About this Research Topic
Plant plasticity is the ability of plants to adapt to changing environments. One lever of this plasticity is the shoot branching. Shoot branching results from axis initiation at the meristematic level, activation of these buds and expansion of the ramification. All these processes are driven by internal factors such as hormones (auxin, cytokinin, strigolactone), sugar signals, and mechanical constraints. These factors may be modulated by environmental variables such as temperature, irradiance, light quality, nitrogen.
Plant growth and development result from the integration of these local processes at the cellular, organ, and population scales. The generated plant structure will modify organ local environment and hence signals received by plant cells. Likewise, plant-to-plant interactions modify the individual plant environment and alter plant morphogenesis among others at the level of shoot branching.
At present, there is a challenge in understanding and up scaling interactions between branching processes. Models allowing the integration from one scale to another are interesting to understand the regulation of alive systems as complex as the plants. A wide range of models is developed, each of them being adapted to a specific scale and/or questions, applications. Among them, models explaining the interactions between the structure and its functioning in relation with the environment are of particular interest to apprehend plant or organ plasticity.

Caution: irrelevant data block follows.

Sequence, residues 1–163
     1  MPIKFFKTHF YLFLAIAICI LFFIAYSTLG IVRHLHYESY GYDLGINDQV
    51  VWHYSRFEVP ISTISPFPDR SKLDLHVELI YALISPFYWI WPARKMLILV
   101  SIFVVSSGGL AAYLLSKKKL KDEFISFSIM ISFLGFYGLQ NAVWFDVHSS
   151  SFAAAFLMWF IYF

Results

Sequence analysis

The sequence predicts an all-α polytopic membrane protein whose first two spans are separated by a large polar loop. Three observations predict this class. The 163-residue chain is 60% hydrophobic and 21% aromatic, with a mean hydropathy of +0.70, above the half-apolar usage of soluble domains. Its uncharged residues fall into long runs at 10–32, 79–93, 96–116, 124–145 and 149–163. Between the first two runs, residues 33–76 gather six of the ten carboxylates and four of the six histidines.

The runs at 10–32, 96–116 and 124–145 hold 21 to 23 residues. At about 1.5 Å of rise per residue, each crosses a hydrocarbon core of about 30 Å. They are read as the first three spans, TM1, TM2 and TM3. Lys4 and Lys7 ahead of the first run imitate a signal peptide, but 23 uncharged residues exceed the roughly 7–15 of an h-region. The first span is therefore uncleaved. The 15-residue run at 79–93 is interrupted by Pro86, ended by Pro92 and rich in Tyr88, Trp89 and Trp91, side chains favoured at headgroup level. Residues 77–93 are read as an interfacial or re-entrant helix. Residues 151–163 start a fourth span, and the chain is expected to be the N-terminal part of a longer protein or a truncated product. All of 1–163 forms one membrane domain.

The scope of this research topic is to gather and illustrate different integrative modelling approaches considering different scales and factors. We welcome you to participate in this Frontiers program with original research articles, method articles, reviews, mini-reviews or perspective articles.
- Organ initiatiojn
- Meristematic development
- Ramification, branching
- Hormonal regulation of the ramification
- Signal control, photoregulation, trophic control
- Molecular biology
- Source/sink relationships
Important Note: All contributions to this Research Topic must be within the scope of the section and journal to which they are submitted, as defined in their mission statements. Frontiers reserves the right to guide an out-of-scope manuscript to a more suitable section or journal at any stage of peer review.